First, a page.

Meat Sauce and Mushrooms

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wwltv.com

Posted on June 21, 2011 at 6:40 PM

 

3 lbs. ultra-lean ground round
¼ cup Canola oil for sautéing
2 cups diced onions         
1 cup diced celery
½ cup finely diced bell pepper
6 cloves minced garlic
1 lb. sliced mushrooms
1/3 cup all-purpose flour + meat drippings
4 cups Campbell’s Chicken Broth
1/4 cup minced parsley
2 bay leaves
1 tsp. sweet basil
1 tsp. cumin
1 Tbsp. Worcestershire sauce
1 tsp. red pepper flakes
2 tsp. salt
1 bunch thinly sliced green onions
2 lbs. extra-broad egg noodles cooked al dente
2 cups finely shredded cheddar for garnish

First, take a large oval roaster and drop in the ground round.  Then stirring continuously,  cook the meat over a medium flame until it becomes a beautiful golden brown. 

Hint: the beef will brown more easily if you take a ladle and remove the rendered fat from the pot as it accumulates.  

When the ground meat is done, remove it from the oval roaster, place it into a colander, place the colander into a large bowl to catch the drippings, and allow the excess fat to drain off the meat (but be sure to keep the drippings—you’ll need them).

Next, in the same oval roaster, but this time with the flame set to high, pour in the Canola oil and sauté the onions, celery, bell peppers, garlic, and mushrooms until they begin to caramelize (they become a rich golden brown without burning).  

Then when the veggies are ready, remove them from the roaster as well and place them to drain on top of the ground beef in the colander. 

At this step, it’s time to make your roux. 

In the same oval roaster, pour in the meat and veggie drippings (they’ll give you a concentrated flavor intensity as opposed to straight oil out of the bottle) and work the flour into a smooth paste using a wire whisk. 

Keep the flour moving continuously, though! 

If you stop whisking the roux will burn and produce a bitter taste in the final dish.  After it goes though all the color stages and changes from a beige to a light tan to a light brown to a dark brown, the roux is ready.

Immediately at this point stir all the ingredients in the colander back into the roaster and pour in the chicken broth.  Then with a spoon mix everything together uniformly, reduce the flame to low, cover the pot with the lid, and simmer the mixture for about 10 minutes.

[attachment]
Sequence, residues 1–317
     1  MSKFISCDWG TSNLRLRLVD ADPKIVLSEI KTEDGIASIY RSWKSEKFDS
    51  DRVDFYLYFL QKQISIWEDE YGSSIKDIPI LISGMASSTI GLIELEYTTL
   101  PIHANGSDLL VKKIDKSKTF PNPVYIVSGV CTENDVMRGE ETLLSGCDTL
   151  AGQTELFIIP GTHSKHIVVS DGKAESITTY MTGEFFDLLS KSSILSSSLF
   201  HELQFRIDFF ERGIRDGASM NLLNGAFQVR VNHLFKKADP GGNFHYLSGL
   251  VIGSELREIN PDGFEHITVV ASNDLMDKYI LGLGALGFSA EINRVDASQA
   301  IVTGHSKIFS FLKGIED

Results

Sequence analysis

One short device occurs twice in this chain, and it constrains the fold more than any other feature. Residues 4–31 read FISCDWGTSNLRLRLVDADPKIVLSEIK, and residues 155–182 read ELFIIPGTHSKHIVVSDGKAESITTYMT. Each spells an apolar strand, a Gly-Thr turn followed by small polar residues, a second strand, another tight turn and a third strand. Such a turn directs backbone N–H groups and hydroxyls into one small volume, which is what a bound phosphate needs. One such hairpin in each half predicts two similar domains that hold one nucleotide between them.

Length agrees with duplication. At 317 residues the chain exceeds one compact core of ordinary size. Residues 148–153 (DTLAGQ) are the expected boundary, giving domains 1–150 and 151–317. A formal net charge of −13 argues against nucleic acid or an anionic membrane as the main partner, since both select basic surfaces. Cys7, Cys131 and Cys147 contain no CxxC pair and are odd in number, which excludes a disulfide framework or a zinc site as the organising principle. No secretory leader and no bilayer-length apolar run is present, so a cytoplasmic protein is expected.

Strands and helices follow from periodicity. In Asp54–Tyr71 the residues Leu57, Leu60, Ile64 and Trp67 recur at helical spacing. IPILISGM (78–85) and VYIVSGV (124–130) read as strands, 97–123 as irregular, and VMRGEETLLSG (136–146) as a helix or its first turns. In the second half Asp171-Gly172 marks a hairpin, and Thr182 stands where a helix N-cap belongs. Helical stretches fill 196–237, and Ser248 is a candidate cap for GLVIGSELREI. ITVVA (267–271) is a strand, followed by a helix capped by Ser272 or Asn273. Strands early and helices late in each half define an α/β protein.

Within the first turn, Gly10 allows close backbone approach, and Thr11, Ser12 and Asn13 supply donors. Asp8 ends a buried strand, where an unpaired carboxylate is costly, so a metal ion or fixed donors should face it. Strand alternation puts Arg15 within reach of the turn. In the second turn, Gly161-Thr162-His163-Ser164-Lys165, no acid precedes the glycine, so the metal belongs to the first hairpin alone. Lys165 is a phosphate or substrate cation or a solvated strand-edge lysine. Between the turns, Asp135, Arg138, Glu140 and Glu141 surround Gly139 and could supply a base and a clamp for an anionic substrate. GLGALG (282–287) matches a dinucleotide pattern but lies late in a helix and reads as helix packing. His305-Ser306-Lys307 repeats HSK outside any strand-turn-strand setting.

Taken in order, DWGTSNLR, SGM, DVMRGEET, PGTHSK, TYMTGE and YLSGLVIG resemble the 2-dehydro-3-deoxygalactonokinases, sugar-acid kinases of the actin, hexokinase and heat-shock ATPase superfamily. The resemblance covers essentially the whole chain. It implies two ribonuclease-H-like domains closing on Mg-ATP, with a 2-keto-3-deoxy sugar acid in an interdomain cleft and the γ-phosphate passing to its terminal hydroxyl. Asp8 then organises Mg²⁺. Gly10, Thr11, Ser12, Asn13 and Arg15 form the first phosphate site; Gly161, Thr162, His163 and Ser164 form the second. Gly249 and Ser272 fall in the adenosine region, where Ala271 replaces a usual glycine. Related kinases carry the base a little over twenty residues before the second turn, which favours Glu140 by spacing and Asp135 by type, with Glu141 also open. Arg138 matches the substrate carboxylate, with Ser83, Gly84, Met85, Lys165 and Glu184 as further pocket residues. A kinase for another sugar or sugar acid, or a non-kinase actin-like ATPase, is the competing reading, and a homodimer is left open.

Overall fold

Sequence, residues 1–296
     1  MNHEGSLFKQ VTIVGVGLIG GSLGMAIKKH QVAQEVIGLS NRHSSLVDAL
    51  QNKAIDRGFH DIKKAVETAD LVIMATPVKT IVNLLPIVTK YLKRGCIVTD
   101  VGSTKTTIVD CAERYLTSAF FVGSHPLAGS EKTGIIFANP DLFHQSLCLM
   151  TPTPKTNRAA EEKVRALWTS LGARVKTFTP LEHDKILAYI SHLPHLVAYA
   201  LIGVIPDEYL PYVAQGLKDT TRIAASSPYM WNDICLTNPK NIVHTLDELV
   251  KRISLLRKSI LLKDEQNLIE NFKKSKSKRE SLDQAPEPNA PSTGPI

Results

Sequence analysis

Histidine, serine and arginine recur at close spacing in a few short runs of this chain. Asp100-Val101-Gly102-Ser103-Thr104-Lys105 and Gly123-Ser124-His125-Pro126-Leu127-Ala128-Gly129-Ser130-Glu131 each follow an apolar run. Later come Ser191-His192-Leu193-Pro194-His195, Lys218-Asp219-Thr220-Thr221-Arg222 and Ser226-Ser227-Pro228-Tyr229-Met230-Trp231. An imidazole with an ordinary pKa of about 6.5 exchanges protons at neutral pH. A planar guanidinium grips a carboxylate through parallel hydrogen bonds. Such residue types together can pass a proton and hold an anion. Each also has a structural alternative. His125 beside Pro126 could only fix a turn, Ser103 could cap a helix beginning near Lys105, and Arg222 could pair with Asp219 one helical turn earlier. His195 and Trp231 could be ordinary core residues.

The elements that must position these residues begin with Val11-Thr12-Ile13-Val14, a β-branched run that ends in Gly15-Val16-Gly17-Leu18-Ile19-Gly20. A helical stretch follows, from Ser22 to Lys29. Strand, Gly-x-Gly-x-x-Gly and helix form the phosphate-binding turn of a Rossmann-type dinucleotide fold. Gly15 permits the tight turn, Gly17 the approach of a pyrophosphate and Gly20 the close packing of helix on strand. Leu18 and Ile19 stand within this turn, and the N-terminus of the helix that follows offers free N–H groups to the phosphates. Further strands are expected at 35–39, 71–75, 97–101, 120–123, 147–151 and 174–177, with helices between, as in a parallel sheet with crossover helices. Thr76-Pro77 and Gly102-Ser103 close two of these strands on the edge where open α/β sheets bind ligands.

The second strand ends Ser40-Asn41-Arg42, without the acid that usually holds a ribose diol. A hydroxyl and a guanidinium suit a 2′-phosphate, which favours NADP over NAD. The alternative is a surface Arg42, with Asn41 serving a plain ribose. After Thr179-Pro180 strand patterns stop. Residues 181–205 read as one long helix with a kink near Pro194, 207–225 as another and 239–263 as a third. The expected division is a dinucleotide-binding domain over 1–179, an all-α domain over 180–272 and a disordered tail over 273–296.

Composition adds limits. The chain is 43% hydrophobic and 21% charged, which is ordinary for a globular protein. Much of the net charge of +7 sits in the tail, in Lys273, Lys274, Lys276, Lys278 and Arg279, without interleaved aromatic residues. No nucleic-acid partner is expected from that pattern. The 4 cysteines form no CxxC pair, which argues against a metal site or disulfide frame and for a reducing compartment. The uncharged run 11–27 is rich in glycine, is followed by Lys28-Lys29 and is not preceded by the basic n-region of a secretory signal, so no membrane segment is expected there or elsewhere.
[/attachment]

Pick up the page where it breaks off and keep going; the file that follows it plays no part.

After this short simmering time, stir in the parsley, the bay leaves, the basil, the cumin, the Worcestershire sauce, the red pepper flakes and the salt, cover the pot once more, and simmer the dish for a full hour, stirring occasionally. 

Following the exact proportions allocated in this recipe, you should get just the right consistency in the final dish.  But if for some reason or another, the mixture becomes too thick, simply stir in a little extra chicken stock.

About a minute or two before you’re ready to serve, stir in the thinly sliced green onions. 

Then ladle the meat sauce over soup bowls heaped with the hot egg noodles and gently fold everything together. 

A generous sprinkling of finely shredded cheddar cheese over the top of the dish complements the presentation, and a piece of hot buttered French bread on the side makes for the perfect lagniappe.

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Chef’s Notes:

      • When making your roux, to reduce the amount of water in the beef drippings heat them for about 10 minutes or so in the oval roaster to drive off the moisture (thereby leaving only the beef fat remaining) before sprinkling in the flour. 
      • The proper way to serve the dish is to always ladle the meat sauce over the noodles; never mix the noodles into the pot of meat sauce.  To do the latter would cause the noodles to completely absorb all the sauce, thus producing a dryness in the final dish. 

     

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